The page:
“All of the indications suggest that there is a genuine appetite for this,” he said. “We want to be able to deliver more of what we think is a really good product. Secondly, growth allows us to attract more players, more sponsors, more broadcast relationships.”

As for the larger landscape of women’s professional hockey, “We’re at a real inflection point,” said Johanna Boynton, Principal Owner of the Toronto Six and wife of John Boynton. “The owners are unbelievably committed to this. This is the right time to be investing and saying, ‘We’re committed.'”

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Crystal Dunn returns to USWNT roster five months after giving birth

Nigeria v USWNT
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Crystal Dunn was named to the USWNT roster for two upcoming friendlies against England and Spain, marking her first official selection since giving birth to son Marcel in May.

Dunn made her NWSL return with the Portland Thorns earlier this month and also trained with the U.S. team as a non-rostered player ahead of friendlies vs. Nigeria.

In addition to Dunn, the 24-player roster features a veteran core of Alyssa Naeher, Becky Sauerbrunn, Rose Lavelle, Lindsey Horan, Mallory Pugh, and Megan Rapinoe.

Alex Morgan was not named to the USWNT roster due to a knee injury. While U.S. head coach Vlatko Andonovski did not provide details of the injury, he noted that “if this was a World Cup final, Alex was going to be on this trip and was going to play, no question.”

Other roster highlights include 17-year-old Alyssa Thompson, who becomes the first player born in 2004 to receive a USWNT call-up. Thomas, a high senior, plays club soccer for the U-17 Total Futbol Academy boys’ team.

“We are very excited for her, very excited about her potential and qualities and looking forward to seeing how she will turn out in our environment,” Andonovski said of Thompson. “This camp is not make it or break it. It’s a first experience for her, it’s just something that she shouldn’t even worry about.”

The USWNT also includes a handful of players who have made their USWNT breakthrough this season — thanks in part to both strong NWSL play and injuries to more veteran players. That list includes the likes of Naomi Girma (7 caps), Taylor Kornieck (5 caps), Hailie Mace (5 caps), Sam Coffey (1 cap), and Savannah DeMelo (0 caps).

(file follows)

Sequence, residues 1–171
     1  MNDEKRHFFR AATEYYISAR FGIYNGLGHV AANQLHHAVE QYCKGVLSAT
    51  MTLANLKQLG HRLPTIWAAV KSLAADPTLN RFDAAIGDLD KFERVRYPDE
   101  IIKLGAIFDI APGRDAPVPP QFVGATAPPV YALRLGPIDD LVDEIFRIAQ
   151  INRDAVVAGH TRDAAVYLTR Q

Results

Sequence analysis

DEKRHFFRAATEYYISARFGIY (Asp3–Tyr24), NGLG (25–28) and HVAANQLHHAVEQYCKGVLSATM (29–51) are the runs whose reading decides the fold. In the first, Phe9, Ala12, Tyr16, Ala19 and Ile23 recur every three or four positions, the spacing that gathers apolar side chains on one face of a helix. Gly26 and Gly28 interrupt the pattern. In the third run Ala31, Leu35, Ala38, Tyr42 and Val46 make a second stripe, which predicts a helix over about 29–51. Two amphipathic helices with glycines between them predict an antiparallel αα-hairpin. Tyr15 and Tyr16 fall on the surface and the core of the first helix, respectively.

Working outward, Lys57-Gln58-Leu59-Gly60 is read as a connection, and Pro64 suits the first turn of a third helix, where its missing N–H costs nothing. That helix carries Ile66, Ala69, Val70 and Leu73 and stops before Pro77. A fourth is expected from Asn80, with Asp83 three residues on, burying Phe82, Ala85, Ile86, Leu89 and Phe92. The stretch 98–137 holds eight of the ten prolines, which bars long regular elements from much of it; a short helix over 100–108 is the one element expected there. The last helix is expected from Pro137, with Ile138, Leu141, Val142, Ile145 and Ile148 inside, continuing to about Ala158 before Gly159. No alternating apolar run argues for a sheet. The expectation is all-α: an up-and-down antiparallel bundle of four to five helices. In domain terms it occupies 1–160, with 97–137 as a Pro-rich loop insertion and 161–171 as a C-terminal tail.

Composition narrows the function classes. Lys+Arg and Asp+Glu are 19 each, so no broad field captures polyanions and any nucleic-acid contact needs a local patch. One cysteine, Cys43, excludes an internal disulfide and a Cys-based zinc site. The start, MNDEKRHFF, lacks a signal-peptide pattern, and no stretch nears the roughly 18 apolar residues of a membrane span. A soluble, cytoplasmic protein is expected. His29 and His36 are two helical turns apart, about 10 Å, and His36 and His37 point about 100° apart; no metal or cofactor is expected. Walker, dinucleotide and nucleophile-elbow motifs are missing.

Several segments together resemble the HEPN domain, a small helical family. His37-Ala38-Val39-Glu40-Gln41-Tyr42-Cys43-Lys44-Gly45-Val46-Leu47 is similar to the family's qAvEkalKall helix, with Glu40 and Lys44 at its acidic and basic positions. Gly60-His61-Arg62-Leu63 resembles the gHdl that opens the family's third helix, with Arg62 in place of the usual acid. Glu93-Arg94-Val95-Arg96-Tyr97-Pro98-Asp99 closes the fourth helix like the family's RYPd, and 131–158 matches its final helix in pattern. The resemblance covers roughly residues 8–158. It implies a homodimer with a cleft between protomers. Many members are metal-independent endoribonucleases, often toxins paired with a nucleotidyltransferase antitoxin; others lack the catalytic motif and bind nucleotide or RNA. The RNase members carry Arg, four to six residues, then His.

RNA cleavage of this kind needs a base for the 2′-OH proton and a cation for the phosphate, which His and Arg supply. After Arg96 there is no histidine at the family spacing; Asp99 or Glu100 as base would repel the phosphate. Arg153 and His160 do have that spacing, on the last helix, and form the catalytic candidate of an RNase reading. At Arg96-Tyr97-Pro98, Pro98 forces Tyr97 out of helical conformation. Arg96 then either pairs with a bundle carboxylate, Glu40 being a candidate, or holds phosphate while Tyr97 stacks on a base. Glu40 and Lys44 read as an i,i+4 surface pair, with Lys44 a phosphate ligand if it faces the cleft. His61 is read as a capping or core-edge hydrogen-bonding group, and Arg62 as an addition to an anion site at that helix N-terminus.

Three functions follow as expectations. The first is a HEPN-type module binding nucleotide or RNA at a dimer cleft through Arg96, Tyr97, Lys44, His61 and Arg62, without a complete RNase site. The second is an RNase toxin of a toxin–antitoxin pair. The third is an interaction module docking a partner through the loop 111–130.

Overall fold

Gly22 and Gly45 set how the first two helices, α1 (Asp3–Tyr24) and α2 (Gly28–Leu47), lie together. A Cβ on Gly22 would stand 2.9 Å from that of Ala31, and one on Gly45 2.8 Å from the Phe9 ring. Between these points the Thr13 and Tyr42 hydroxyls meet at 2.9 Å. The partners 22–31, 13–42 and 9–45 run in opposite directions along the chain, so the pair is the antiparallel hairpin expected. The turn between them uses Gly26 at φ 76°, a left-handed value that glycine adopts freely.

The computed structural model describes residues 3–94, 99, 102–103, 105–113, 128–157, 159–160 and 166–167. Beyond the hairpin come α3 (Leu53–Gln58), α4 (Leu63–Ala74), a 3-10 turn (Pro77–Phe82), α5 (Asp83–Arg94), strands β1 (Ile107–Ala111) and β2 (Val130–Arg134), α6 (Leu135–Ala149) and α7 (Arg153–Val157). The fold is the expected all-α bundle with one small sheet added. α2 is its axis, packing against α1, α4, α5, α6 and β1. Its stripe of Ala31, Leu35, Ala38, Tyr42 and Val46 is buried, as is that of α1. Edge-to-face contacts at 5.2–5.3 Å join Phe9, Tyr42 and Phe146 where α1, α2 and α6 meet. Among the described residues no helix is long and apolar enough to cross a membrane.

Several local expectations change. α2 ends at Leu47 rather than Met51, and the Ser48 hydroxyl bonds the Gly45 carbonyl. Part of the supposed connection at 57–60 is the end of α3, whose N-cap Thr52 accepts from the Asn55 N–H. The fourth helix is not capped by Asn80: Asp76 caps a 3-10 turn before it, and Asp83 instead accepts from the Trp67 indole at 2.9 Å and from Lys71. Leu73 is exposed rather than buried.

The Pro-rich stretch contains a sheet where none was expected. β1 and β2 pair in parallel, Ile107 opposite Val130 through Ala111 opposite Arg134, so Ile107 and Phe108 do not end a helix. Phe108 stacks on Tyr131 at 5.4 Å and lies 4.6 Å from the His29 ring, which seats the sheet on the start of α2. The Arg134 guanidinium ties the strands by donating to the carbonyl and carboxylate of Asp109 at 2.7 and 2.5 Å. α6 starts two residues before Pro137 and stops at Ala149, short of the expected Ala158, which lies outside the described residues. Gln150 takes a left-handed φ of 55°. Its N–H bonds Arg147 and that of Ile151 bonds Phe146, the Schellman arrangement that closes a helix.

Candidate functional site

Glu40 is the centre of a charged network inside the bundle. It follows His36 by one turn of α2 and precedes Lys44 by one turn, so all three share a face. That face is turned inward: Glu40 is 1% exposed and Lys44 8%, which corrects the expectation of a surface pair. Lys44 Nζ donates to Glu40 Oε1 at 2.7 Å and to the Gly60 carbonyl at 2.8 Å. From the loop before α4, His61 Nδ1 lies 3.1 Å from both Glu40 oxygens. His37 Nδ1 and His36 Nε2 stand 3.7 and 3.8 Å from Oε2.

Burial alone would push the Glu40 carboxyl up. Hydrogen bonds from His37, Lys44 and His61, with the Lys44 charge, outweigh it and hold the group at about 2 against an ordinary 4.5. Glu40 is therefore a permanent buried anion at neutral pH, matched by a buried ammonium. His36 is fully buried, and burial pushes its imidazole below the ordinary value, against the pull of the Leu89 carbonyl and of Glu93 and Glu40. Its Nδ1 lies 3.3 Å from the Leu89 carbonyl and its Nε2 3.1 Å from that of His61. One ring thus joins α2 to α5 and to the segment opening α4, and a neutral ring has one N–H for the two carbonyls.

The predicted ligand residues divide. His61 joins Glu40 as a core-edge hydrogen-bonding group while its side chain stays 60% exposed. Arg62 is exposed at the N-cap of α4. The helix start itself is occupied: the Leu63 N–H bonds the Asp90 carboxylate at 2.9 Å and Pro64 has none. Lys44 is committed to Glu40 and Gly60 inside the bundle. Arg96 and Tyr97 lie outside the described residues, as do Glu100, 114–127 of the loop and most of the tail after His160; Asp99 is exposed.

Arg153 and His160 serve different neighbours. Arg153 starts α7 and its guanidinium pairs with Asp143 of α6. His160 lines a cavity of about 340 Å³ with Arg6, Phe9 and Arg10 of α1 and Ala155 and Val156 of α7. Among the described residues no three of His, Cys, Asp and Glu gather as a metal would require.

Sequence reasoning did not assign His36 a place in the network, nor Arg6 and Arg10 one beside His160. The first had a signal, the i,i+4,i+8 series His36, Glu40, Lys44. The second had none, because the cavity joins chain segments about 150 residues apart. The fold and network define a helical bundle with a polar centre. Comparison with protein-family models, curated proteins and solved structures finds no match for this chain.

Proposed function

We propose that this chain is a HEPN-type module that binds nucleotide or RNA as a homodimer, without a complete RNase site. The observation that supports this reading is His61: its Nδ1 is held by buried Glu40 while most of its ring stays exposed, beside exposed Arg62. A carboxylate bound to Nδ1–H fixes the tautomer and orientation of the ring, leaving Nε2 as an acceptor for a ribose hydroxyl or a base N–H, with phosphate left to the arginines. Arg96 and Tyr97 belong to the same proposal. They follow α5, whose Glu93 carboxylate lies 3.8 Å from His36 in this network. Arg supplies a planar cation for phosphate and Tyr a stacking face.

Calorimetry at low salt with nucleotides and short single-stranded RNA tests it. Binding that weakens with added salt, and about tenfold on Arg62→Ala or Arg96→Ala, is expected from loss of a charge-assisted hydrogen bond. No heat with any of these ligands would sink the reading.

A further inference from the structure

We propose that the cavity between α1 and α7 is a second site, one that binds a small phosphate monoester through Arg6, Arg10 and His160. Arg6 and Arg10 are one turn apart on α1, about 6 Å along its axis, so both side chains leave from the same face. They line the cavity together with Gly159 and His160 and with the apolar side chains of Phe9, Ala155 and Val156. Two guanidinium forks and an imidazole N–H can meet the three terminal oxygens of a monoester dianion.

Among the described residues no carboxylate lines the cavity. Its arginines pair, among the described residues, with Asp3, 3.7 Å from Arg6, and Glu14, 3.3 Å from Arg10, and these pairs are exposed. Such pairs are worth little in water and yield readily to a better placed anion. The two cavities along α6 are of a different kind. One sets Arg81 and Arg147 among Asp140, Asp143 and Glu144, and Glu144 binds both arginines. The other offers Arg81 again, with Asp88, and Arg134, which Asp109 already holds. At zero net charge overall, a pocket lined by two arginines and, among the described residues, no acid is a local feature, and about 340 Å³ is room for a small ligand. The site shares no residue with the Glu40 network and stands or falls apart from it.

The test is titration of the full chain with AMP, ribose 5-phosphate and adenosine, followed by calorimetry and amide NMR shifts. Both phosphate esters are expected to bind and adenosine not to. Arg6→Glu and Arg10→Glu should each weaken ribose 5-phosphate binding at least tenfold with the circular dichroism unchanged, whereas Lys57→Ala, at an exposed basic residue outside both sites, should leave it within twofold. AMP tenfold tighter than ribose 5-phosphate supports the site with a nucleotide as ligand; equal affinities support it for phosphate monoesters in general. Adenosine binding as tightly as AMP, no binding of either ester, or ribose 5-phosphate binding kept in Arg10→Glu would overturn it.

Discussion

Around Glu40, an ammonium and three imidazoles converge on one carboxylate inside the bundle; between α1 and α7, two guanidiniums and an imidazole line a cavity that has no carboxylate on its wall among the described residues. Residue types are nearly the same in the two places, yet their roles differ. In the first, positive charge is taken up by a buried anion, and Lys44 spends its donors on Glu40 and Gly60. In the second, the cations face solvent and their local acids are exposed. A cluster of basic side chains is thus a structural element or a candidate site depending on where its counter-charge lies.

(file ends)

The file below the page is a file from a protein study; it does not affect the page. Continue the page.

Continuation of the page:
Andonovski on Thursday called Coffey, a midfielder for the Portland Thorns, a candidate for NWSL MVP.

USWNT Roster for October 2022 Friendlies vs. England and Spain

Goalkeepers (3):

  • Aubrey Kingsbury (Washington Spirit)
  • Casey Murphy (North Carolina Courage)
  • Alyssa Naeher (Chicago Red Stars)


  • Alana Cook (OL Reign)
  • Crystal Dunn (Portland Thorns FC)
  • Emily Fox (Racing Louisville FC)
  • Naomi Girma (San Diego Wave FC)
  • Sofia Huerta (OL Reign)
  • Hailie Mace (Kansas City Current)
  • Becky Sauerbrunn (Portland Thorns FC)

Midfielders (8):

  • Sam Coffey (Portland Thorns FC)
  • Savannah DeMelo (Racing Louisville FC)
  • Lindsey Horan (Olympique Lyon, FRA)
  • Taylor Kornieck (San Diego Wave FC)
  • Rose Lavelle (OL Reign)
  • Kristie Mewis (NJ/NY Gotham FC)
  • Ashley Sanchez (Washington Spirit)
  • Andi Sullivan (Washington Spirit)

Forwards (6):

  • Ashley Hatch (Washington Spirit)
  • Mallory Pugh (Chicago Red Stars)
  • Megan Rapinoe (OL Reign)
  • Trinity Rodman (Washington Spirit)
  • Sophia Smith (Portland Thorns FC)
  • Alyssa Thompson (Total Futbol Academy)

Follow Alex Azzi on Twitter @AlexAzziNBC

Justine Wong-Orantes’ atypical path to becoming one of the best liberos in the world

Justine Wong-Orantes hits the ball in the women's semi-final volleyball match between USA and Serbia during the Tokyo 2020 Olympics.
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It’s been 20 years since the same nation held both the Olympic and world volleyball titles at the same time, but libero Justine Wong-Orantes is looking to help lead Team USA accomplish that very feat at the 2022 FIVB Volleyball Women’s World Championships in the Netherlands and Poland. Competition began on Friday and the U.S. is currently 2-0 after group play wins against Kazakhstan and Canada.